There are new SEC rules coming into play that could very well lift suppression imposed on so called ‘meme stocks’.
The SEC just released a report outlining the variety of ways they intend on protecting retail investors from market manipulation.
Heavily shorted stocks such as AMC and GameStop will skyrocket if these SEC rules are enforced.
And I’m going to break down why in this article below.
Welcome to Franknez.com – the SEC is proposing new rules that call for short seller transparency. In their report, they acknowledge what retail investors have been saying and have now come up with a plan.
Let’s dive right into it!
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New SEC rules propose market transparency
The SEC is proposing a new rule designed to provide greater transparency through the publication of short sale related data.
Short sellers will be required to submit a report on a monthly basis specifying their short positions and short activity data under the 13f-2 rule.
This proposal is significant because it’s going to provide regulators with insight on every short seller trade.
With this proposal in play hedge funds will have no other option than to report overleveraged positions, or refrain from imposing predatorial strategies.
Because short sell activity will be monitored, hedge funds are stuck playing fair.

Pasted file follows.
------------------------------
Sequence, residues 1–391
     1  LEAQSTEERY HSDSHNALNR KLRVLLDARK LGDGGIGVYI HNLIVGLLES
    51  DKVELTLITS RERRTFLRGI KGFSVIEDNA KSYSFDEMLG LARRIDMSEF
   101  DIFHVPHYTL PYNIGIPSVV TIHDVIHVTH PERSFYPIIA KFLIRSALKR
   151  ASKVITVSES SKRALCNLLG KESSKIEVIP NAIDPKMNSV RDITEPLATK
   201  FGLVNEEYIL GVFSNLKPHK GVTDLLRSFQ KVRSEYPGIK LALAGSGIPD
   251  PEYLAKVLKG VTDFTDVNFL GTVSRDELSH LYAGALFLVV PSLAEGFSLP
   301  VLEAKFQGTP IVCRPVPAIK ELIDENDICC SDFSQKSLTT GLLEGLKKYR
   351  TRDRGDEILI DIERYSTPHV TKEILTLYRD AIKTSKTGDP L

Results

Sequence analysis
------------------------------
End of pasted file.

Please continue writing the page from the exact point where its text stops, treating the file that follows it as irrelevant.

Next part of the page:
The SEC has acknowledged that short selling has been used to manipulate the market to drive share prices down.
They also confirm retail investors have been targets of “short and distort”.
Short and distort is a strategy used to drive a stock’s share price down using publicity campaigns and then capitalizing from the drop.
Regulators acknowledge market manipulation in report
The SEC said in their report, “while short selling can serve useful market purposes, it also may be used to drive down the price of a security, to accelerate a declining market in a security, or to manipulate stock prices.”
This statement alone is very significant for many reasons.
- The SEC doesn’t need to be convinced of market manipulation anymore, they’ve acknowledged it.
- They understand exactly what’s happening in the markets and how it’s affecting retail investors.
Now it’s just a matter of finding solutions to lift the suppression being imposed on heavily shorted stocks such as AMC and GameStop.
Disclosure of short sell positions and activity could very well be the start of it too.
If you were slacking off at work but now have your boss micromanaging you, you’d be more inclined to refrain from slacking off, correct?
It’s this type of micromanaging we need to see regulators impose on short sellers so that the demand from retail orders accurately reflect on the price of a security.
Rule 13f-2 enforces 10b-21
Rule 10b-21 addresses failure to delivers in securities that have been associated with naked short selling.
This rule is meant to prohibit abusive naked short selling.
However, there has been no way of identifying overleveraged positions or short sell activity to enforce no such acts are carried throughout the market.
That’s where rule 13f-2 comes into play.
13f-2 provides the commission for public disclosure:
- The name of the issuer
- CUSIP number (a unique identification number assigned to stocks and registered bonds in the United States and Canada.)